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Schooling? 50% Odisha children didn't get any support during pandemic, says study

By Our Representative 

Children, despite being less affected by coronavirus, are bearing a disproportionate burden of the implications of the Covid-19 pandemic and it is not just affecting their physical health but also their mental wellbeing. The prolonged school closure and movement restriction caused fear, anxiety, stress and social bearings among children.
Therefore, as schools reopen, addressing the mental wellbeing of these children will play a crucial role in helping them to overcome psychological distress and adjust smoothly in a post-covid classroom, revealed an online study report released by the non-profit Atmashakti Trust and its allies Odisha Shramajeebee Mancha and Mahila Shramajeebee Mancha, Odisha.
Conducted initially with 2,219 school going children of Class 1 to 8 from 84 blocks of 16 rural districts of Odisha, the report says, “Almost half of children (49.8 %) reportedly could not get required support from their family members to deal mainly with their emotional, social as well as learning support needs during the pandemic."
Out of 2,219 children, 91.5% were from government-run schools, 84.7% were from schools under School and Mass Education Department and 6.8% were from schools managed by Scheduled Tribe and Scheduled Tribe (ST & SC) Development, Minorities & Backward Classes Welfare Department, Government of Odisha.
Lack of access to online education also played a major role in children’s elevated mental stress. In all, 94.3% of the children interviewed for the study reported that they did not have access to a smartphone making their learning difficult and stressful.
Online education was attended merely by 10.2% of children. But the grave concern is that online education was quite confusing for 32.2% of children. Even 17% of children, who attended online classes anyway, showed their discontent, saying that it was challenging for them on many fronts.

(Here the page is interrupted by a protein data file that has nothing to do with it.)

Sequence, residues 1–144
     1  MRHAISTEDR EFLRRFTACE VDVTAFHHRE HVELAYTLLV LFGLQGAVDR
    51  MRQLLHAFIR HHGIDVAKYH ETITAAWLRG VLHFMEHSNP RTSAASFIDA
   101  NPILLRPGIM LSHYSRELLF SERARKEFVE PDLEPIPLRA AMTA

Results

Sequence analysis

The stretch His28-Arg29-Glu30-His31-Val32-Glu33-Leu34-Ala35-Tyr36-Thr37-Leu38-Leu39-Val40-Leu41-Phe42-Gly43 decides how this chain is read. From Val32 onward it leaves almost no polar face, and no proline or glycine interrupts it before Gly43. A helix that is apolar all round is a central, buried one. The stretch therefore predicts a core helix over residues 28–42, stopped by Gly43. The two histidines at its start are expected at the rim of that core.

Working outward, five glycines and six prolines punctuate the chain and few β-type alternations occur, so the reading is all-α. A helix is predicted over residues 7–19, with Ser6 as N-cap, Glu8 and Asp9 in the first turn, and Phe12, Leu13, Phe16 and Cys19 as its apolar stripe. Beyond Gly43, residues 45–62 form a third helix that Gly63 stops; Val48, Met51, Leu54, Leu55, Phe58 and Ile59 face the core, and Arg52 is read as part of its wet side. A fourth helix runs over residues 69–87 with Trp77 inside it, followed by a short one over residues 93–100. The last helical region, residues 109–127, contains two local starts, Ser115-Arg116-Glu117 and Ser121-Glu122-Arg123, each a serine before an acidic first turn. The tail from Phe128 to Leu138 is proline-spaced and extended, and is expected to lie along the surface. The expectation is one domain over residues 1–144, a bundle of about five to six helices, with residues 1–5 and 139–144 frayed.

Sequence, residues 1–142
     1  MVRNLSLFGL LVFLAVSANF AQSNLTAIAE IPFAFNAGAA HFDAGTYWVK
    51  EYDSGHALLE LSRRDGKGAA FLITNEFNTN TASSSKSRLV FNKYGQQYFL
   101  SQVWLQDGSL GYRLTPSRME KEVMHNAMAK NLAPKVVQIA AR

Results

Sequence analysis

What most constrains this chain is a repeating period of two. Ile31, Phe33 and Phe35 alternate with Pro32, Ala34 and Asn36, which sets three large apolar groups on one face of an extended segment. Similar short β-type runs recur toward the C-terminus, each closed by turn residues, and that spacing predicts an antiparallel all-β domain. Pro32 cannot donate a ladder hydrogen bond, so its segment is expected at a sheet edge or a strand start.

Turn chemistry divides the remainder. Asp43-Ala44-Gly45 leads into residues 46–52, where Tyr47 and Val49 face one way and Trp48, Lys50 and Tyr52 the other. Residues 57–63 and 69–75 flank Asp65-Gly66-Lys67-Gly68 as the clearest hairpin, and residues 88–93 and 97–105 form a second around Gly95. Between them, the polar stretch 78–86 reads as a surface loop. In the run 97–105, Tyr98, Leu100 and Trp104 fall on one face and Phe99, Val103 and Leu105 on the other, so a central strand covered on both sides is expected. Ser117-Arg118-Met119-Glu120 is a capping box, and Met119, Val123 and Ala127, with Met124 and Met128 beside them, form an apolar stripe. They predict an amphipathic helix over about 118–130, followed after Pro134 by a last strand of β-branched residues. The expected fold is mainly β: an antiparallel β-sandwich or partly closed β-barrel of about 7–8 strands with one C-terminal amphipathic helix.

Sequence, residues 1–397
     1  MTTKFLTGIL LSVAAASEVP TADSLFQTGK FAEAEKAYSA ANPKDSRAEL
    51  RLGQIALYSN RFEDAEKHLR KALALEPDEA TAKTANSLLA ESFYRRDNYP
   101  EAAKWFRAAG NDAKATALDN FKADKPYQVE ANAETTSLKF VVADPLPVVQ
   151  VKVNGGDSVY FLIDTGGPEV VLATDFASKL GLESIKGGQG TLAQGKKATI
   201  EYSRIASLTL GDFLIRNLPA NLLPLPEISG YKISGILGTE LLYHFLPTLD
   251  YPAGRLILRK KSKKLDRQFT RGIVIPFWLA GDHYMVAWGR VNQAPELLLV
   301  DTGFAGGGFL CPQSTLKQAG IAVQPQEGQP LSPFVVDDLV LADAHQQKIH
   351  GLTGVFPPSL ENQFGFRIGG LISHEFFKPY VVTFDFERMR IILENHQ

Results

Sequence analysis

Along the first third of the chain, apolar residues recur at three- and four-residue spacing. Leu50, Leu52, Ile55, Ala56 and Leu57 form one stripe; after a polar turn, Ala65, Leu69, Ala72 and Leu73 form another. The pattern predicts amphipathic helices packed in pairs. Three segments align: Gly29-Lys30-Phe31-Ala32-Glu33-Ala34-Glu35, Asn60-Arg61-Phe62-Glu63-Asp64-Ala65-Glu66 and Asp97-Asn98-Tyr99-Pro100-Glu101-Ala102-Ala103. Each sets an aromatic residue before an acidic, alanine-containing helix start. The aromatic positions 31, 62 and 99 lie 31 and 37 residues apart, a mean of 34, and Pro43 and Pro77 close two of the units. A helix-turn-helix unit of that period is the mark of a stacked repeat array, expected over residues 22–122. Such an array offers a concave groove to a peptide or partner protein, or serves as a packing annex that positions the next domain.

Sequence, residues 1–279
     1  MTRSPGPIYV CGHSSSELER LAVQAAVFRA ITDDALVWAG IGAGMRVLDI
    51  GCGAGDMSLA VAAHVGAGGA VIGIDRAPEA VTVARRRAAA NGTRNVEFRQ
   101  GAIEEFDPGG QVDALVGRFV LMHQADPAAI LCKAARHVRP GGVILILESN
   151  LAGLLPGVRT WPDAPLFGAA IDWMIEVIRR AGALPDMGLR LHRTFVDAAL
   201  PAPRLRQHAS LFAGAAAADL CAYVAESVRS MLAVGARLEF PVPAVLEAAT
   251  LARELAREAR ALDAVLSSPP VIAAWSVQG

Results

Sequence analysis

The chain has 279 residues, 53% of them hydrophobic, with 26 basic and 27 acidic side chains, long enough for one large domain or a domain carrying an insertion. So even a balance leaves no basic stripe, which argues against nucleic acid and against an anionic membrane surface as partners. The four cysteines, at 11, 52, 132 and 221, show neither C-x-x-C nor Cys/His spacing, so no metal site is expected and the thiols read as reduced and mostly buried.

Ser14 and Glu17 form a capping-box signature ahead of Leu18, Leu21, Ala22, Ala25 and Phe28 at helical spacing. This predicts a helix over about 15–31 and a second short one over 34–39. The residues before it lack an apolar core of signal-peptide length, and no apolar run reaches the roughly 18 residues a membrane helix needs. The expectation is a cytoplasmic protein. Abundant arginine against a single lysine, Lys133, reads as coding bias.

While 12.8% of children have reported that they could not interact or ask questions with teachers in fear of being bullied by their teachers, 14.7% of them felt embarrassed to ask a question as the concept of online classes was something that none of them was prepared for.
Students’ attitudes and turns of mind are influenced to a great extent by the support they obtain from teachers. According to the study report, 68.9% of children said there was no connection between them and their teachers during the prolonged school closure period. Also, 60.3% of children reported that they were fearful about their learning loss when they heard about the school closure news.
73.2% of children reported that they experienced mental and physical abuse during the pandemic
Even though school closure was essential to reduce the transmission of Covid-19 among children, it affected the social behaviour of children badly. Shockingly, 73.2% of children reported that they experienced mental and physical abuse during the pandemic. Also, 47.3% of children said that they were engaged in household work to support their families.
“The study report reveals a trend of children reporting an increased difficulty to their mental wellbeing. As schools reopen, there is an emergent need for an action plan to address the mental wellbeing of children, especially those from the marginalised communities who were mostly left out of any support during the pandemic", said Ruchi Kashyap, Executive Trustee of Atmashakti Trust.
She added, "Counselling, extra support to children for improving their social behaviour, mentoring support to lessen their stress and fear in classrooms as well as in their homes is crucial to help them more effectively. In Mo Chatasali, we are helping over 1 lakh children to continue education in Odisha where mental wellbeing is one of the main aspects we are focusing on.”

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